New bill would lower marijuana possession fines statewide, but increase penalties in Milwaukee

NOW: New bill would lower marijuana possession fines statewide, but increase penalties in Milwaukee

MADISON, Wis. (CBS 58) -- There's a new bipartisan effort to lower marijuana possession fines across the state, but under the proposal fines would also increase in places like Milwaukee.

The bill was introduced by State Rep. Sylvia Ortiz-Velez (D-Milwaukee) and Rep. Shae Sortwell (R-Two Rivers), and Sen. Lena Taylor (D-Milwaukee) would set a statewide marijuana possession fine for people caught with small amounts of cannabis.

However, the bill gets complicated depending where you light up and how much marijuana is in your possession.

Under the bill, if caught with 14 grams or less you would face a $100 marijuana ticket in Wisconsin. If you have more than 14 grams, local marijuana ordinances would apply. That means in some communities' fines would be less, but more expensive in others.

The proposal would basically replace local ordinances like Milwaukee County's that doesn't criminally charge someone for having 25 grams or less and fines them $1 plus court fees.

If someone is caught on Milwaukee County property with 14 grams or less they would face a $100 fine under the bill. On the other hand, if you're caught with 14.1 to 25 grams of marijuana in Milwaukee, you technically would face a reduced fine according to the proposal.

Ortiz-Velez led the effort to significantly reduce marijuana fines in Milwaukee County when serving on the Milwaukee County Board of Supervisors. She said while the bill would increase marijuana fees, she overall believes the proposal would reduce confusion over what laws apply where.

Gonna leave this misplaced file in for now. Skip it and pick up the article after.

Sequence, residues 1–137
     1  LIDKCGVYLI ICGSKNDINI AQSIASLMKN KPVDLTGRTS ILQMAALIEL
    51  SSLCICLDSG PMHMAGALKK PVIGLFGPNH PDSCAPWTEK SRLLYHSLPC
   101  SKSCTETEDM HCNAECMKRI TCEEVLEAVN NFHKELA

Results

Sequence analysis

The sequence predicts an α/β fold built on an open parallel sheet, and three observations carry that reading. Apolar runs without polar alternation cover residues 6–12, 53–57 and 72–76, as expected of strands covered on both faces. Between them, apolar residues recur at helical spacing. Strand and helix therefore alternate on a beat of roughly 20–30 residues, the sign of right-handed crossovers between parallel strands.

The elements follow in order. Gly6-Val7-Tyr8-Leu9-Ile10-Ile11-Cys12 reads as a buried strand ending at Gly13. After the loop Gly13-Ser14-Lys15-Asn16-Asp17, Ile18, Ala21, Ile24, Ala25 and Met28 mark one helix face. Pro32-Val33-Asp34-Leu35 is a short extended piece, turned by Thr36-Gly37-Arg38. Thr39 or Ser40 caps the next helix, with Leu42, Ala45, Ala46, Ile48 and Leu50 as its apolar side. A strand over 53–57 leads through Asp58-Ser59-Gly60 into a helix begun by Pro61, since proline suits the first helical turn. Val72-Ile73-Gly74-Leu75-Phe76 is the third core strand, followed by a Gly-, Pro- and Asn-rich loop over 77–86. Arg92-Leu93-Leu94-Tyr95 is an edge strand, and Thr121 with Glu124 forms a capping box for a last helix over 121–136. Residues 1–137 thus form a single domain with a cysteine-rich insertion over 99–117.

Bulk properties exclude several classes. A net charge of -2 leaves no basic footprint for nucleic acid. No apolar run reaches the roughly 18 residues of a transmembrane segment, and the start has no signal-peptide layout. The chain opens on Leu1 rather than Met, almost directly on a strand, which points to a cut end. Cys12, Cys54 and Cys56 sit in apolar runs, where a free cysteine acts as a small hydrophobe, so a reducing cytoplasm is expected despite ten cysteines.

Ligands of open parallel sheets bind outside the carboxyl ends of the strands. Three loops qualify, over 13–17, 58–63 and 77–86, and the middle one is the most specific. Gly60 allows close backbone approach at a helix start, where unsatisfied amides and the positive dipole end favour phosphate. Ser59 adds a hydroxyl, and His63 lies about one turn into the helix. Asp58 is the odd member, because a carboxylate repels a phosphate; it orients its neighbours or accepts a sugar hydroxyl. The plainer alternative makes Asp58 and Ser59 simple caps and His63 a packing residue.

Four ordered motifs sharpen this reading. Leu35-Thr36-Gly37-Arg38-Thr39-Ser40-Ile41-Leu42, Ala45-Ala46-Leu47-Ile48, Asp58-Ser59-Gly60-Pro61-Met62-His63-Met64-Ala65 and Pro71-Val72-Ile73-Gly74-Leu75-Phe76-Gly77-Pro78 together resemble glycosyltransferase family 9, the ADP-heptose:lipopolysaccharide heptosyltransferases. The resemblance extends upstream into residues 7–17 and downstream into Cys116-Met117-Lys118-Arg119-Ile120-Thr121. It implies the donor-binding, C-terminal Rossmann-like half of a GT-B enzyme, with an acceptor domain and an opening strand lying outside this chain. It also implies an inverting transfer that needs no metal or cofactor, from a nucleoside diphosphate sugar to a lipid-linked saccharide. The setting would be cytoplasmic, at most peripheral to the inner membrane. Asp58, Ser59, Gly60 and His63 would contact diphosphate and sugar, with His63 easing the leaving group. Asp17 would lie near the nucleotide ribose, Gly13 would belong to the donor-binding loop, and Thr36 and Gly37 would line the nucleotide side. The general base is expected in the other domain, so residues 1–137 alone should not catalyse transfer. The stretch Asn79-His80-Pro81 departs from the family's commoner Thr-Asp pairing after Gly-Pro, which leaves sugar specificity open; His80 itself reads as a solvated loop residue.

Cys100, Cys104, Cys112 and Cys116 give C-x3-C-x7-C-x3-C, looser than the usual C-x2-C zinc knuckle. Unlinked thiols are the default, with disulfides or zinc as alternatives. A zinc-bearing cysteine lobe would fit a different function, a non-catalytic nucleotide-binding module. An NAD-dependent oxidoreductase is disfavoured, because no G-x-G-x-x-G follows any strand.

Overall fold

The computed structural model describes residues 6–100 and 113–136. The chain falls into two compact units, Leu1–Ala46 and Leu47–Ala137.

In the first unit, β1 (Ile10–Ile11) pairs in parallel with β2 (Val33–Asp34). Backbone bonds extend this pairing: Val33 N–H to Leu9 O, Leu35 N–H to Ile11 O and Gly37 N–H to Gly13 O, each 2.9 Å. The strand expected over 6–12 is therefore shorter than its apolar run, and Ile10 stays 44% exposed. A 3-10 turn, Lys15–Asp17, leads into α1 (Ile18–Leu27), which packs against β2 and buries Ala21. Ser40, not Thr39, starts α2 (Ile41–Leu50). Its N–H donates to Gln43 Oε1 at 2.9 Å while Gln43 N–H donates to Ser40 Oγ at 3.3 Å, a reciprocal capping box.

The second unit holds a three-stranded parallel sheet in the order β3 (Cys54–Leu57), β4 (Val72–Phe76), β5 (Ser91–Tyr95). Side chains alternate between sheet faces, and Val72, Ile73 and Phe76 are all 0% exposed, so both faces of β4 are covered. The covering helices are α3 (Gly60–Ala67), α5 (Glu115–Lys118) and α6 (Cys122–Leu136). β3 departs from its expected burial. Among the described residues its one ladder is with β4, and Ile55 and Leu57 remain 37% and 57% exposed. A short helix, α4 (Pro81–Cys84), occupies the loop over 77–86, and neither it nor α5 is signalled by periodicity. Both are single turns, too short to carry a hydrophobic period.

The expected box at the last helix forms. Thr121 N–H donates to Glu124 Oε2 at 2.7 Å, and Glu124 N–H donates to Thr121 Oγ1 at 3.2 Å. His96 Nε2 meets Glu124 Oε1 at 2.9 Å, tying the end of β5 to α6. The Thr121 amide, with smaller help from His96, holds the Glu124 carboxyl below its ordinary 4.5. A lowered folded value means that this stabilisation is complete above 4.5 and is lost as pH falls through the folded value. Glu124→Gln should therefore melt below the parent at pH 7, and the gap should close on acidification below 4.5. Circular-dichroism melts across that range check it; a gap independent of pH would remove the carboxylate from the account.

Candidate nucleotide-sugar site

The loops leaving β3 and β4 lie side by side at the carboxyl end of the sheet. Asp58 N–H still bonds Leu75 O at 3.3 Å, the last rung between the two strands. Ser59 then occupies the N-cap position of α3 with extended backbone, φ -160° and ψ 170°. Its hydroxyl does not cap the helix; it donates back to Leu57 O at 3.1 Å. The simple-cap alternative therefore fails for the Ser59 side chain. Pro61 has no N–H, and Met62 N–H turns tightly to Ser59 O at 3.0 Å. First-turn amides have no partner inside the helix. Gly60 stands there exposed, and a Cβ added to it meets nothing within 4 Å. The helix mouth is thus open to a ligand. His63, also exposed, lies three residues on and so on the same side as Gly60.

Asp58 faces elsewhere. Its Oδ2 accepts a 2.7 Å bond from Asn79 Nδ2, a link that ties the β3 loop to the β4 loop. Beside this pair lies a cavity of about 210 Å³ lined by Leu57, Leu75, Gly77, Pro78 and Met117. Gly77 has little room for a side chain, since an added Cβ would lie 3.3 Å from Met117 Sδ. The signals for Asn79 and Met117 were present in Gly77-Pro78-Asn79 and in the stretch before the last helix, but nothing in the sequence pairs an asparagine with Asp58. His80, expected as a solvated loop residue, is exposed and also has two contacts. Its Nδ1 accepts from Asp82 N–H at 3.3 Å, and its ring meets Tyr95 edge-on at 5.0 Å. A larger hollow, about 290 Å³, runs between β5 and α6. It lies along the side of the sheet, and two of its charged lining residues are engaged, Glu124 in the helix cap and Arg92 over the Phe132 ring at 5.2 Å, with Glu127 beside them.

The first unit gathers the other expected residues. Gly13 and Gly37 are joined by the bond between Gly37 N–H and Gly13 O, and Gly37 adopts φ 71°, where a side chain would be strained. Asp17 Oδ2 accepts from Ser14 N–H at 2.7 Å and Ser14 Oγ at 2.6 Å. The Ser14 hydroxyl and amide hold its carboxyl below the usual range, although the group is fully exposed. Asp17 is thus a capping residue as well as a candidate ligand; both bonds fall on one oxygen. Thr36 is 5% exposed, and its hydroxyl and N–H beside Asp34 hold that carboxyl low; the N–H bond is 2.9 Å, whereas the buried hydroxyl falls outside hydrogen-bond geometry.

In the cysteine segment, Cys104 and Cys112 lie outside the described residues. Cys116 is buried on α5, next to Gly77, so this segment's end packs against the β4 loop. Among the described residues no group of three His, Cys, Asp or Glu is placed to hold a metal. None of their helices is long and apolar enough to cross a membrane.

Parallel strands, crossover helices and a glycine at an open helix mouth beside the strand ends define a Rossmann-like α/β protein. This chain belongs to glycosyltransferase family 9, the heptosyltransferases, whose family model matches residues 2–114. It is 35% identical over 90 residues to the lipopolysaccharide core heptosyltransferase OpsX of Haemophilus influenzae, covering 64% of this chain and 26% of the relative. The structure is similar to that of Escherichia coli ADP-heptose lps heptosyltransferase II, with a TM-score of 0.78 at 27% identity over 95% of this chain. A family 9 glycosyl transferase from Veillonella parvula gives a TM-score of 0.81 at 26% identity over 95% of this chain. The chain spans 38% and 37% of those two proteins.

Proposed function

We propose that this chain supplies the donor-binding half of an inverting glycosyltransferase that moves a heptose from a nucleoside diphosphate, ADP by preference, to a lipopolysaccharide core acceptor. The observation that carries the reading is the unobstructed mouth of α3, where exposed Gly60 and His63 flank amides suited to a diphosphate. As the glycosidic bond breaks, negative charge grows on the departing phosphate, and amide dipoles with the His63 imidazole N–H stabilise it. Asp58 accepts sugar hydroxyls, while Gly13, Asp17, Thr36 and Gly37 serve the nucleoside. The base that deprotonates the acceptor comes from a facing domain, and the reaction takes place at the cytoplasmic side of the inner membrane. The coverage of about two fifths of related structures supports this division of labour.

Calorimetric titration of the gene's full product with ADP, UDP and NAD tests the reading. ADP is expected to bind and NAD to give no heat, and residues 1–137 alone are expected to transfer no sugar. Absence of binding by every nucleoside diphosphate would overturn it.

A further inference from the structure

"Part of the problem is when people leave Milwaukee and are in another county, they don't really know which rule applies to them," said Ortiz-Velez. "We can get rid of that patchwork at the local ordinances in different areas so we can set a standard across the state."

Marijuana fines vary among some of the largest cities in Wisconsin. In Green Bay, people can face up to $500 for marijuana possession, but in Madison it's $0 to possess 28 grams -- slightly less than an ounce.

Rep. Sortwell said the goal of the proposal is to set a standard fine to help reduce the number of people charged with felony charges if they have small amounts of marijuana.

"Some sheriffs right now have fines in their county at $500, well this bill would not allow that to happen so it's creating an equal standard across the state."

Some Democrats are not supportive of the measure calling it problematic because it would increase fines in their district.

Senators Kelda Roys and Melissa Agard of Madison both said they would vote against the bill if it makes its way through the legislature.

"To increase penalties, to say you're not going to pay $1, you're going to pay a $100 minimum even if you have a tiny amount of marijuana -- it would be pretty hard for me to vote to increase fines on my own constituents," said Roys.

Senator Agard, who's championed legislation to legalize medical and recreational marijuana, said the bill doesn't go far enough and would negatively impact the work already done to decriminalize marijuana at the local level.

"This bill does not honor the earnest work that local governments and municipalities have already done to address this issue," Agard said. "Local officials have worked with their local partners and we should respect the hard work they have done."

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